8. Drape cable over top of poles along four sides, allowing for three cable clamps at each end of a run of cable.
  9. Drill holes at an angle and install deck spikes in poles or anchor posts where cable will terminate.
  10. Finish off cable ends, with turnbuckle at one end of each cable.
  11. Drape cable across poles which will have steel pipe braces; prepare cable ends as above; carefully locate steel pipes in shallow holes already drilled above.
  12. Progressively tighten cables with turnbuckles, relocating cable clamps as necessary.
  13. Ram all posts, especially the intermediate ones which should now be vertical.
  14. Where there is a long steel pipe brace, may wish to support midway with simple post/pole/pipe.
  15. Install gate posts and top rails over gateways.
  16. Position plastic pole caps on each pole, ensure there is plastic cap or whatever on all strainer posts, gate posts,  etc to minimise abrasion of net.
  17. Prune well down any trees which will be close to the roof or side nets.
  18. Measure out roofing net, which may also come down the ends; add a margin for stretching and fitting; cut net to length.
  19. Thread plain fencing wire along long edges of the net.
  20. Drape roof net over top cables and attach fencing wire to cable with plastic clips about every metre or two, not too close to poles to enable fine adjustment as net is tensioned up.
  21. Stretch roof net, including down both ends; thread fencing wire along bottom net of ends and clip to wire along ground or fence.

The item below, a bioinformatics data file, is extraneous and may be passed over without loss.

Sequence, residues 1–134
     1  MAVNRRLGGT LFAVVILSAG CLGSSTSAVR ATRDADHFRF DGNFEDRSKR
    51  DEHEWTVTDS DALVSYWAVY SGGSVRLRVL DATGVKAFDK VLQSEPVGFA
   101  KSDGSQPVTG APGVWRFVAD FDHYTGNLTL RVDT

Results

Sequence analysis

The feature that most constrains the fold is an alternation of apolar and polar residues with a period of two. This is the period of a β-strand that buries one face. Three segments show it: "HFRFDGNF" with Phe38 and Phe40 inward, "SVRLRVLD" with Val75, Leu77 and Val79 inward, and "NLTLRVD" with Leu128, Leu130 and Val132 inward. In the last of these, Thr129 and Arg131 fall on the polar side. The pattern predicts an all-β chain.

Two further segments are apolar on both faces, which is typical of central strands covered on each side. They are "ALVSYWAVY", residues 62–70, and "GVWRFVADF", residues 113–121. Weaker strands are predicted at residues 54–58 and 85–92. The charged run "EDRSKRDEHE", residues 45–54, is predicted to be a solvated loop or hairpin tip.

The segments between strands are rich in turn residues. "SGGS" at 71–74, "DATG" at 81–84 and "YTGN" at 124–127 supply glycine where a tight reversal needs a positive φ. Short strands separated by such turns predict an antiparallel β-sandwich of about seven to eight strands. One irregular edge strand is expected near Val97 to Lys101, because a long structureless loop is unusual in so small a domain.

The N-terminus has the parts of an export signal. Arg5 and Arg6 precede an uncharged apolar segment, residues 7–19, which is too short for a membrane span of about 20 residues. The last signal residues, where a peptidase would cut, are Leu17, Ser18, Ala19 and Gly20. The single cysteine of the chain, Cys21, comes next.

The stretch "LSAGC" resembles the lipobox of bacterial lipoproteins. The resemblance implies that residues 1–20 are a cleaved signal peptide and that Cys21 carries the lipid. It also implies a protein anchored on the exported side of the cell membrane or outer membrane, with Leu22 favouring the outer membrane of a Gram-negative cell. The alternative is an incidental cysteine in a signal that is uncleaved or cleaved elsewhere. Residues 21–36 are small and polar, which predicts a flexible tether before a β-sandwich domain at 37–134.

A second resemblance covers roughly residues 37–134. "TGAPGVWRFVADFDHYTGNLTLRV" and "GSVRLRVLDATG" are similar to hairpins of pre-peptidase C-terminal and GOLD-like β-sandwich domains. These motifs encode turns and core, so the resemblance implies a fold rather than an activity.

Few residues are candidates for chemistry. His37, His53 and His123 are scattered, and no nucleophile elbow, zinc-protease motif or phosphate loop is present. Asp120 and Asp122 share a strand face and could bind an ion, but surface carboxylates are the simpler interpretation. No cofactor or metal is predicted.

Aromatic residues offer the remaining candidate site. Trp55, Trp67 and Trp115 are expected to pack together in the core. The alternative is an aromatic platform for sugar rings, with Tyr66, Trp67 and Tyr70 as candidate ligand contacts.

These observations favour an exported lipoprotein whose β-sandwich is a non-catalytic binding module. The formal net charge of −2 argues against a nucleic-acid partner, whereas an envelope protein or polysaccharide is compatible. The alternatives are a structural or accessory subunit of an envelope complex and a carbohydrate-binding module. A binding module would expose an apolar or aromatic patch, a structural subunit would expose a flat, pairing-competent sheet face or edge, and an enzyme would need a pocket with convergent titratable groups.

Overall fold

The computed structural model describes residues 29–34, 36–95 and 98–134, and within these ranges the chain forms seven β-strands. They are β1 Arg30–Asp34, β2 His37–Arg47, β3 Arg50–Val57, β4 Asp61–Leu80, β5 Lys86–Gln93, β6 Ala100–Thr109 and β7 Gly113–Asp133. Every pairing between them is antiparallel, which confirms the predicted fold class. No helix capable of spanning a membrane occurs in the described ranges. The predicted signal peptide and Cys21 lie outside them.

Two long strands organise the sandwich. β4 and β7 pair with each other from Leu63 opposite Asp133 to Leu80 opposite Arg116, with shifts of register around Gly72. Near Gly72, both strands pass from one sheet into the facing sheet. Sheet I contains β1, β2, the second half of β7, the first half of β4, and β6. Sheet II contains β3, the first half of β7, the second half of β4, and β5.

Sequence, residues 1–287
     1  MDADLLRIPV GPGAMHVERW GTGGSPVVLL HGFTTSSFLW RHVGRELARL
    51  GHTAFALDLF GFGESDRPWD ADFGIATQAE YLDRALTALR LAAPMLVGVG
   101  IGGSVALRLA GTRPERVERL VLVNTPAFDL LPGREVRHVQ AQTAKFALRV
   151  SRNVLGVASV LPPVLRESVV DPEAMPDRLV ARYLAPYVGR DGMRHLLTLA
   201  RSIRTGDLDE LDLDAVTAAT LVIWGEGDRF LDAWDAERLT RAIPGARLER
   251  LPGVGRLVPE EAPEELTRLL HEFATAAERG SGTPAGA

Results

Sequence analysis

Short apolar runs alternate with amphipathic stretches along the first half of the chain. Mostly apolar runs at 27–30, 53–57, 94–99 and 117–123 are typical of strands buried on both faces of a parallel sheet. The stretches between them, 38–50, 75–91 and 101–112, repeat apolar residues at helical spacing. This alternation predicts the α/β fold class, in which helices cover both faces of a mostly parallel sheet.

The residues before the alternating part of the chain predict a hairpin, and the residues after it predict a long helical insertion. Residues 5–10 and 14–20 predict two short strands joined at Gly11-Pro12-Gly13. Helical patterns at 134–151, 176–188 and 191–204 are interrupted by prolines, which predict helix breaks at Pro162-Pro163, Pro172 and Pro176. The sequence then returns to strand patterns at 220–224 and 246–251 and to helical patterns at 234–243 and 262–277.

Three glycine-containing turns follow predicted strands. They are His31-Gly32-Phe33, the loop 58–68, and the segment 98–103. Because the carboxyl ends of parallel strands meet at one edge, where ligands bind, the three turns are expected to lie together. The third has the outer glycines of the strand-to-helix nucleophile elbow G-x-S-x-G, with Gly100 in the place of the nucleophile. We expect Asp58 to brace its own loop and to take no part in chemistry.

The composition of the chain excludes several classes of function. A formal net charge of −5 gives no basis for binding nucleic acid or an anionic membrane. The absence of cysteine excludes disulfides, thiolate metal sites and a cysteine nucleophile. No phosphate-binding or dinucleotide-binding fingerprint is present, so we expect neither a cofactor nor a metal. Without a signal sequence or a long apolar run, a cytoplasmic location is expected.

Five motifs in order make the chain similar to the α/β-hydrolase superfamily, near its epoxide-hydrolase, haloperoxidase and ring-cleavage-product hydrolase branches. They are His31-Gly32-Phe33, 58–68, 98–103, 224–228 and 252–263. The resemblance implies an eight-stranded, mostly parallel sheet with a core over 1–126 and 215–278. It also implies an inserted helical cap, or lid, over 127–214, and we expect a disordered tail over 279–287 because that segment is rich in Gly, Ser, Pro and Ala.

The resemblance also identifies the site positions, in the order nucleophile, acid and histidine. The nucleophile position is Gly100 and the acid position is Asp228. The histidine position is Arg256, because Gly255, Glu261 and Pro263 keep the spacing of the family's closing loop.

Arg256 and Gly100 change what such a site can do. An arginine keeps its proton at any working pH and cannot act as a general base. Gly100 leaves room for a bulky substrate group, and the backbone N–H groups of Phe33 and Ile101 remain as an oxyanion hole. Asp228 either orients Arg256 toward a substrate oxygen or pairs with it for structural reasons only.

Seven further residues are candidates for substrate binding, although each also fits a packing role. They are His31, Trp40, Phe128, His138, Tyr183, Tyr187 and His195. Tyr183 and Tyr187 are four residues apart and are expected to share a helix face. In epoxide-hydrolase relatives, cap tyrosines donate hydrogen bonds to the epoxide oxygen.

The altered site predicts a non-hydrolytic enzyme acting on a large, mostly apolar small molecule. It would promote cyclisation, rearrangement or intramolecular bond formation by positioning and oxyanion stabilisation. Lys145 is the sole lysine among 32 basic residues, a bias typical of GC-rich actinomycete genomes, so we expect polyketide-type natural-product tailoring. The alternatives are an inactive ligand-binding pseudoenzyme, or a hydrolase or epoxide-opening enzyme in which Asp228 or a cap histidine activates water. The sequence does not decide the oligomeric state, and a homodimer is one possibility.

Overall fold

22. Clip wire to cable along edges of roof every few inches to ensure no gaps for birds.
  23. Affix plastic  clamps along net/cable where roof net comes down at ends.
  24. Measure side net, add a margin for stretching and fitting; cut net to length.
  25. Thread fencing wire along edges; clip wire to top cable as before; stretch to fit; add extra clips so no gaps.
  26. Clip bottom wire to fence or whatever.
  27. Using fencing wire where necessary, clip all edges of nets at corners, etc to ensure there are no gaps.
  28. Hang gates.
  29. Cut net around gateways, leaving a veil of about 300 mm hanging down over top of gate, and fix to gate posts, again ensuring no gaps.
  30. Stand back and admire.
THE NEXT GROW LIGHTLY WORKSHOP WILL BE ON PRESERVING YOUR HARVEST USING THE FOWLERS VACOLA METHOD.
PRESENTER - SUSAN DAVIES

One of life’s joys in the cold dark days of winter is opening up a bottle of summer sunshine in the form of perfectly preserved peaches or cherries. Have you ever wanted to put up your own preserves but didn’t know how?
Join us for a workshop covering information about equipment and where to buy it, selecting the best fruit to bottle, techniques for success, ensuring safety of your products etc.

Call Carmel on 0488 740 557 if you have any questions.
Booking is essential - through www.eventbrite.com.au . Once you're in, look up Grow Lightly.

From my garden